My father loved Bill Cosby. My dad was also an educator and a comic performer, but Coz was the real deal. My parents took pride in Cosby as fellow Philadelphian and Temple alum who done good; and in their retirement years, reruns of his TV show were often the centerpiece of their living room. I am certain my dad is turning over in his grave, just as my stomach is turning and my head is spinning over the growing pile of accusations that America’s favorite father is a sexual predator.
So, how many women have to say “me, too,” and brave recounting one of the worst experiences of their lives before the public can believe that a beloved, admired “role model” violated women in such a shocking and disgusting way?
Will the news media stop using the label “alleged” to when the body count hits 20?
In the eyes of the justice system, Cosby is innocent until proven guilty. But the justice system doesn’t work so well for victims of sexual assault; women are typically blamed for what happened to them or deemed suspect for trying to take or shake a good man down. Proof is yet another burden on the victim. Her character and judgment and memory and reputation are attacked. That’s why so few pursue justice in a court of law. Sixty-three percent never even report it to the police. (See NSVRC.) Shame is a great silencer.
Recently, my 11-year-old daughter has been making her way through old TV series on Hulu, including some of my own childhood favorites: I Love Lucy, The Dick Van Dyke Show and The Brady Bunch. For the last month or so she’s been binge-watching The Cosby Show. I recommended it, after all The Cosby Show was harmless, G-rated entertainment and a rare opportunity for her to see many African American characters on the screen. What now?
I don’t want her to watch Cosby. But I also don’t want to tell her why. She loves the show and to take it away without good reason seems unfair. But to tell her the real cause for my alarm would shatter her innocence, just as the revelations about Cosby are shattering the blind faith so many of us placed in him. In a way, it feels as if he drugged and violated us all. In Cosby, we are reminded not only that we don’t really know the people we think we know, but, that somehow even the truly “good guys” of the world can turn out to be the truly bad guys. I just can’t bear to let Bill Cosby playing Cliff Huxtable charm his way into my daughter’s heart.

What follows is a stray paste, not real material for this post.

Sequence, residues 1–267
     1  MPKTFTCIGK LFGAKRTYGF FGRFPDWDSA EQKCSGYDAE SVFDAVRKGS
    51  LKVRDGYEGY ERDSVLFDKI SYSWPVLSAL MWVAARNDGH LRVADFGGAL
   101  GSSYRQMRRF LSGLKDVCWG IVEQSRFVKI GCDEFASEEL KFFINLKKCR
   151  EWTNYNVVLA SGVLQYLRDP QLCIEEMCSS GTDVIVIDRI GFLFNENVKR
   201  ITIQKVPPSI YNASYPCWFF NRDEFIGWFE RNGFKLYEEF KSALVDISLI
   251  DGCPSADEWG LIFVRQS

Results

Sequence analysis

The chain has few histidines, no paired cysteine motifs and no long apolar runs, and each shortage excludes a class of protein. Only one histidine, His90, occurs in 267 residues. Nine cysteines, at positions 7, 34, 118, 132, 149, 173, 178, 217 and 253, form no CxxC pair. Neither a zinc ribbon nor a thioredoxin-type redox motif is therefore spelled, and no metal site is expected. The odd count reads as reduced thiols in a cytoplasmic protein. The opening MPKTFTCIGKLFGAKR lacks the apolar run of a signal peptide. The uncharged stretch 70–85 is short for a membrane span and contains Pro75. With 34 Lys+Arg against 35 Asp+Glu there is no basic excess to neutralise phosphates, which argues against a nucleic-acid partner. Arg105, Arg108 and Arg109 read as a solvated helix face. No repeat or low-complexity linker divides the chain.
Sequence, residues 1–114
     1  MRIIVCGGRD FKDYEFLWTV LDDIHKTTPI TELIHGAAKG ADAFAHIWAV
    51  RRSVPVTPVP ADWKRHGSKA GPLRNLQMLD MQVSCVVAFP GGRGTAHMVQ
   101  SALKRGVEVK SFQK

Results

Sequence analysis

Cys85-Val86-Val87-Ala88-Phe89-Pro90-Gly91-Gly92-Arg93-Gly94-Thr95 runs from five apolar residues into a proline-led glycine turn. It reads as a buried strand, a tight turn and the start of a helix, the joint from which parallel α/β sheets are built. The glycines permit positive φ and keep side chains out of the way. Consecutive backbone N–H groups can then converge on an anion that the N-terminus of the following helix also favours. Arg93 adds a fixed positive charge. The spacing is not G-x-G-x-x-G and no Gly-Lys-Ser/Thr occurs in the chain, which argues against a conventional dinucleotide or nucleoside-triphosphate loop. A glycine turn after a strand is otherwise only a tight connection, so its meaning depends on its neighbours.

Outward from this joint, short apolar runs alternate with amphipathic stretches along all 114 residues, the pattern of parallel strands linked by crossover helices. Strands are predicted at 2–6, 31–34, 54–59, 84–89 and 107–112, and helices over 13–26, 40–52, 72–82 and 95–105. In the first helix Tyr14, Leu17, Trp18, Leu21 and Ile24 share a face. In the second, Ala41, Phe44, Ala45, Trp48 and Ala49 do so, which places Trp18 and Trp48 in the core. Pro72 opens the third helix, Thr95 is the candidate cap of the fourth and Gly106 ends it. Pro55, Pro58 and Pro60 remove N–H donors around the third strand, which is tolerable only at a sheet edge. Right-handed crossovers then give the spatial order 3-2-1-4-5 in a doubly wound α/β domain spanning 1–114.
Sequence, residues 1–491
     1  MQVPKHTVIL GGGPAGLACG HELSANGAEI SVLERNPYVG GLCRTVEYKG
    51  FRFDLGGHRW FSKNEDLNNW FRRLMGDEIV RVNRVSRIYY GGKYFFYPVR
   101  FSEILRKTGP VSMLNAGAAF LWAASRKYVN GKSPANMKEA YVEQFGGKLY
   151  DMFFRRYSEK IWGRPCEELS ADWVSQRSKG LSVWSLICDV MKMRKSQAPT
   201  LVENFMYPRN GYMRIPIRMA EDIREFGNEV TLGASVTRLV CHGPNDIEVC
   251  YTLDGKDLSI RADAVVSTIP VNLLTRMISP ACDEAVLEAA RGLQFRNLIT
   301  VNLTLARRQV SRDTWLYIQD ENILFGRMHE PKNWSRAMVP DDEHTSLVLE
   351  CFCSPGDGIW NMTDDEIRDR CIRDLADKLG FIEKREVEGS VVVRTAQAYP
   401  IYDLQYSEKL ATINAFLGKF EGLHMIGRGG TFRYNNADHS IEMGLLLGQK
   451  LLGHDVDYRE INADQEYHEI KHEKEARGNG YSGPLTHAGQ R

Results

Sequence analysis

Sexual violence is becoming bigger news these days. Rape with impunity seems rampant on college campuses. (Read Sabrina Rubin Erdley’s latest story in Rolling Stone.) The U.S. military is plagued by sexual assault. (Read Matthew Hay Brown’s The Baltimore Sun story about male rape victims.) Clergy, coaches and school teachers have preyed on young people. (Check out Anna Orso’s Patriot News investigation of teacher misconduct in Pennsylvania.)
Just this week I received a newsletter from the National Sexual Violence Resource Center and noticed right away that all but one of the people in the staff photograph are female. What’s wrong with this picture?
It’s time for the "good men" of the world to own this issue. Posting a tweet with the hashtag #notallmen is #notnearlyenough. Men are nearly entirely responsible for rape so the responsibility for preventing it belongs largely to them. There are a few campaigns underway to engage men:
- Man Up, led by journalist Jimmie Briggs
- It’s On Us, a White House-led campus pledge campaign
- Men Can Stop Rape also has a list of local groups.
- Emma Watson’s He for She campaign
- A Call to Men
Perhaps it’s also time for male journalists to recognize that reporting on violence against women isn’t women’s work either. You can start by taking this free online course at Poynter. Since February, 2013, 913 people have taken the brief course to better report on sexual violence. Perhaps you can help Poynter break the 1000 mark. Don't pass on it; pass it on.